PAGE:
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HR Guide & Tool for Employers, Best Practices, and Youth Pilot Projects

It has become clear from a growing demand for a skilled workforce, that the electricity industry will need to develop new, sustainable recruitment strategies.

Canada’s Aboriginal (also called Indigenous) population presents an under-utilized source: growing nearly six times faster than the rest of Canada and often young, accessible, and ready to enter the workforce. In addition, many Aboriginal communities are located near electricity installations. Despite these advantages, various barriers prevent Aboriginal peoples from fully participating in the electricity workforce. To help alleviate these barriers, and to support relationship development between industry and Aboriginal communities, Electricity Human Resources Canada (EHRC, then the Electricity Sector Council) designed the Aboriginal Workforce Participation Initiative.

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Aboriginal Participation Initiative Project Report Cover

Barriers to Participation

To establish a focused platform for a strategy, EHRC has distinguished five categories of important barriers to Aboriginal participation in the electricity sector.

10 Tips for a Successful Strategy

Strategic Assertions

The Initiative is based on four strategic assertions to ensure success:

Electrical Trades Orientation Program

The Electrical Trades Orientation Program was created to develop a program that would provide pre-trades orientation and upskilling to Aboriginal adults. EHRC and other stakeholders in the AWPI strategy developed and tested key elements for a transferable and scale-able initiative conducting a pilot program.  The 2011 pilot program provided pre-trades orientation to Aboriginal adults across  ca 15-week program from January to April, in Happy Valley – Goose Bay, NL. The program was initiated and co-sponsored by EHRC and the Labrador Aboriginal Training Partnership (LATP).

Overall, it appears that the participants were satisfied with the content and design of the program, and it achieved the anticipated outcome. All nine participants completed the originally planned 14 weeks of instruction and several also completed a week of ‘job shadowing.’ Of eight students who took for-credit courses, four achieved a credit in Workplace Communication and five achieved a credit in Workplace Skills. The learners were asked to complete brief questionnaires to provide their feedback on the program at five different points: the students indicated a high level of satisfaction with the program content and its delivery. The students felt they received enough information about each trade to make an informed decision regarding courses for the future. Most participants were able to make a clear choice to enter an electricity and renewables sector occupation (5 of the 9) or to pursue another career path. There were 1 or 2 who remained undecided at the end of the program. When asked directly about whether the program met their expectations, the students provided positive results.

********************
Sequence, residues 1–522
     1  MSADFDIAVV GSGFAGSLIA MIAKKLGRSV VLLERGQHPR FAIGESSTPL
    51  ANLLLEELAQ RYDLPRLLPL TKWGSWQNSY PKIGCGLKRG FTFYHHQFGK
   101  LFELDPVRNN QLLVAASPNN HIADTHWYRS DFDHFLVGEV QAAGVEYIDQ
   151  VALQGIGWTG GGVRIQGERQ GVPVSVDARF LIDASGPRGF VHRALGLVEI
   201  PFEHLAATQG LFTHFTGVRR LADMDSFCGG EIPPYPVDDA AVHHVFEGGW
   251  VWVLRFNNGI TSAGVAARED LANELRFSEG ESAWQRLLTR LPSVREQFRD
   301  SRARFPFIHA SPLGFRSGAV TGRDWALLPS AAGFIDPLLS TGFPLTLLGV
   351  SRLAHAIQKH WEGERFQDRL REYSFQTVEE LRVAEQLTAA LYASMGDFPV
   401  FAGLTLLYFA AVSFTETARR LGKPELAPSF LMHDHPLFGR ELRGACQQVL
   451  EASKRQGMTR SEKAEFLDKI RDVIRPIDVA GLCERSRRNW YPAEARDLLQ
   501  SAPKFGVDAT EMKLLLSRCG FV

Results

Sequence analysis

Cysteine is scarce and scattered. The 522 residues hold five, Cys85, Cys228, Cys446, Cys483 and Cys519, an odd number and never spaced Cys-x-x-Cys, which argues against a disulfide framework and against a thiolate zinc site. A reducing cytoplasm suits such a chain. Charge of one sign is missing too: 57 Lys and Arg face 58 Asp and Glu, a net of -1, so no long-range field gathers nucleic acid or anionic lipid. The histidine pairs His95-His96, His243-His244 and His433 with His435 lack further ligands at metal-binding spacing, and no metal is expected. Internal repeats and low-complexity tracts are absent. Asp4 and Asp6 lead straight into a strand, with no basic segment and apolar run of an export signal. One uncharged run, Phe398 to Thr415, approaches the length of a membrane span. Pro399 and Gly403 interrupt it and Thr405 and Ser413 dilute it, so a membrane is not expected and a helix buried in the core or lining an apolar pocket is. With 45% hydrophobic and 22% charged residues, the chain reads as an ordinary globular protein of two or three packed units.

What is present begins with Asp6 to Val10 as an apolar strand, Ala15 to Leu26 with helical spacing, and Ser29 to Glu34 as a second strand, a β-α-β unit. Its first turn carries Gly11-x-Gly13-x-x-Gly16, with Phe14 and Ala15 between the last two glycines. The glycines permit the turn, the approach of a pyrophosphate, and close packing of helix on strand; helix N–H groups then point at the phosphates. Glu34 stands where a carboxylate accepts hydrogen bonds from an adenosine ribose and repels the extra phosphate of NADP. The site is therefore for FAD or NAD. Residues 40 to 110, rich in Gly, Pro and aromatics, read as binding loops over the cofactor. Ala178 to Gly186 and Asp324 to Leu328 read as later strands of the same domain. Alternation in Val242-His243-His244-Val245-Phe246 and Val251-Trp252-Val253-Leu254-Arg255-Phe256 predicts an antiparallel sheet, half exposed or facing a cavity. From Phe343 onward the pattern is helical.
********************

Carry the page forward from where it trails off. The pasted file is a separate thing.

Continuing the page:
Bright Futures Aboriginal Youth Camps

EHRC created the youth camp initiative to address one of the key barriers to increasing Aboriginal involvement in the electricity sector: limited educational background in the mathematics and science required for employment in the industry. The camps are oriented to pre-teen youth (approximate ages 10-13). Attendees build relevant interest, knowledge and confidence in advance of making educational and career choices.

The camp curriculum includes a mix of hands-on activities, facilitated discussions, Respect for Aboriginal cultures are embedded within the week’s activities such as: a local Elder participating in the opening and/or closing of the camp, with a prayer and/or a smudge ceremony (depending on the cultural traditions of a particular community). Modified Guiding Circles activities are also used as a method of exploring participant perspectives on careers, personal strengths, and learnings from the camp.

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